Friday, September 5, 2014
Lake Geneva, Wisconsin
This town has always fascinated me. When I lived in Chicago, during nursing school, it was always referred to as that place where the rich people of Chicago spent their summers. In the past two days I learned it was all that, and much more. The first day we were here we walked around the downtown and from there into the residential areas. We learned, from historical markers, that the town was founded in the mid 1800s. Pictured below is a home built in 1847, and later owned by Charles Wilson ambassador to England. In the 1870s he helped obtain the railroad link from Chicago that made Geneva's resort development possible.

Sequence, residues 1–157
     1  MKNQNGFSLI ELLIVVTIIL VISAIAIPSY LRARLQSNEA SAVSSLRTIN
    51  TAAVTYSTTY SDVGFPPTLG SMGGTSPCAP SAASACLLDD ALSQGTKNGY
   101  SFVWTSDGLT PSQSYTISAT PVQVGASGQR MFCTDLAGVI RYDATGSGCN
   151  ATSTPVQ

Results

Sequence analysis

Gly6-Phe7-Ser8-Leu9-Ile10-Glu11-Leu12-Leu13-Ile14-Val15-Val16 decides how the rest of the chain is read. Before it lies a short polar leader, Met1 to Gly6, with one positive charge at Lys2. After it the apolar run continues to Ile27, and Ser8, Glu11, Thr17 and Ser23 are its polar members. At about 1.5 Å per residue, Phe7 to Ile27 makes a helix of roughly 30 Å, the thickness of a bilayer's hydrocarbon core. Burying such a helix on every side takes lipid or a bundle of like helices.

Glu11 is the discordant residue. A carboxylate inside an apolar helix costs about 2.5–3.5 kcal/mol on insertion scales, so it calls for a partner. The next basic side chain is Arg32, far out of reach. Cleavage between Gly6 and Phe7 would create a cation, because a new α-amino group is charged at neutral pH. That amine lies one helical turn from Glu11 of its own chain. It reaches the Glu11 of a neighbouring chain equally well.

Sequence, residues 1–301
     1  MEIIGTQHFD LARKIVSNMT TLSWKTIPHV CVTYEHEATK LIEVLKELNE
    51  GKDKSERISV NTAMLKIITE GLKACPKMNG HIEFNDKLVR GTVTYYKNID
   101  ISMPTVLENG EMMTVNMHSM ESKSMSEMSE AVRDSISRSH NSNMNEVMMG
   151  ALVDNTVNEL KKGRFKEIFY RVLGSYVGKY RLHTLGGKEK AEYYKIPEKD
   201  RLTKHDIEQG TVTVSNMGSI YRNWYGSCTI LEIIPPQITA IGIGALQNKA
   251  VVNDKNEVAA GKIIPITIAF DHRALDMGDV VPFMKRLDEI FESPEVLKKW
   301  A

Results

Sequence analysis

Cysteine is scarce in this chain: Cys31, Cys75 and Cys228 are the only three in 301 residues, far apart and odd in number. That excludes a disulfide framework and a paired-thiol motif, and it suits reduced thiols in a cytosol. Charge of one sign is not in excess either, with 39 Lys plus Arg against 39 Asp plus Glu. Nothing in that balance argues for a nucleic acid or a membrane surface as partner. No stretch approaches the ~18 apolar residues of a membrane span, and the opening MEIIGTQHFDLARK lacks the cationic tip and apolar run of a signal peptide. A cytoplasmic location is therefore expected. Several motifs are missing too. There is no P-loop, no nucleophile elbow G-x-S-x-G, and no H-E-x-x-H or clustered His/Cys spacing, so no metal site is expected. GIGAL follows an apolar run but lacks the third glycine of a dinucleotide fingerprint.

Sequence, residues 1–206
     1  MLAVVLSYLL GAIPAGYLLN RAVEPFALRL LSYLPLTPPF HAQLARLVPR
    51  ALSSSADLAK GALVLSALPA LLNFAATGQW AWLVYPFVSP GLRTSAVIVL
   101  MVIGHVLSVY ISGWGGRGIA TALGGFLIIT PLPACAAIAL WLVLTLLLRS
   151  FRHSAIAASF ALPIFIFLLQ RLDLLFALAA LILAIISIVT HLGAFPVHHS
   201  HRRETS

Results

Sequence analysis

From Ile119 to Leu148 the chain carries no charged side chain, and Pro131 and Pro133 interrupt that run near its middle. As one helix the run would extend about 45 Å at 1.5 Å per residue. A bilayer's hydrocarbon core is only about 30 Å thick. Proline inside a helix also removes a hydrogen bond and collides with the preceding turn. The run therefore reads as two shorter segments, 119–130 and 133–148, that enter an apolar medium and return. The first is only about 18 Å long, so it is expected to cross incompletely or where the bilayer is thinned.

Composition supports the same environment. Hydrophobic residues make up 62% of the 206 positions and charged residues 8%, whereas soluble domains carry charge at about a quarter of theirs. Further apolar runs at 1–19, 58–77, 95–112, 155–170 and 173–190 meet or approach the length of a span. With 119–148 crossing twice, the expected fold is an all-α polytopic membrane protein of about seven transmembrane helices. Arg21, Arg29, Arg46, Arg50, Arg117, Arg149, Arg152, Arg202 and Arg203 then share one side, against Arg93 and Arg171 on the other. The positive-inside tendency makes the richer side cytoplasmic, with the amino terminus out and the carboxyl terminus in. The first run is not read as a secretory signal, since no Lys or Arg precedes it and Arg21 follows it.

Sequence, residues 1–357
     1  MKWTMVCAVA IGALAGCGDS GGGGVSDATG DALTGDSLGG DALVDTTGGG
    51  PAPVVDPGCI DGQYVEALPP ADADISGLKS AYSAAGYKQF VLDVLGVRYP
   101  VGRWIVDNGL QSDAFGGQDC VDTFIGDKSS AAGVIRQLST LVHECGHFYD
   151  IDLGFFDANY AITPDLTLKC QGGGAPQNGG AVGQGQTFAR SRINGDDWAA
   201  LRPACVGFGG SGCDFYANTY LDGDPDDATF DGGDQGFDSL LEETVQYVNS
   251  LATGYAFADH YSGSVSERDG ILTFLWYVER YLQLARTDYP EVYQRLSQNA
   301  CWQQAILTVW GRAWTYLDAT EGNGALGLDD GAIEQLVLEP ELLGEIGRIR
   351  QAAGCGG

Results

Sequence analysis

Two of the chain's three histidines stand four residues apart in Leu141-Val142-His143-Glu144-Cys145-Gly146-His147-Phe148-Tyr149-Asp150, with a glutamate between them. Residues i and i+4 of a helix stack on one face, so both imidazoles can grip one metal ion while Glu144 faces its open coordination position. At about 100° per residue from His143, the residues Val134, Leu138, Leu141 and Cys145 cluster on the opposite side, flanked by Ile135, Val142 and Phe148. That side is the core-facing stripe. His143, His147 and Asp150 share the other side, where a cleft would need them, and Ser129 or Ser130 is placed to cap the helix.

Another house, which is rather modest in size, is the Blacktoft, built in 1881. It was originally painted black, but now is very distinctive with its white clapboard and many red chimneys. In later years it was the summer residence of Montgomery Ward Thorne, descendent of the founder of the Montgomery Ward Stores. We learned on our boat tour that there are 1,000 piers around the lake and they all get pulled out of the lake come December. Residents on the lake live here an average of 35 days out of the year. Probably an exception to that was 1871, the year of the great Chicago fire, when people fled the city to live in their summer residences on Lake Geneva. In case you are wondering if there is a place for you along the shores of Lake Geneva, there is one public beach for which there is an admission fee. In the background of the picture below is what use to be the Riviera Ballroom. Built in 1932, it was a popular venue for some of the biggest names in music history, including Louis Armstrong.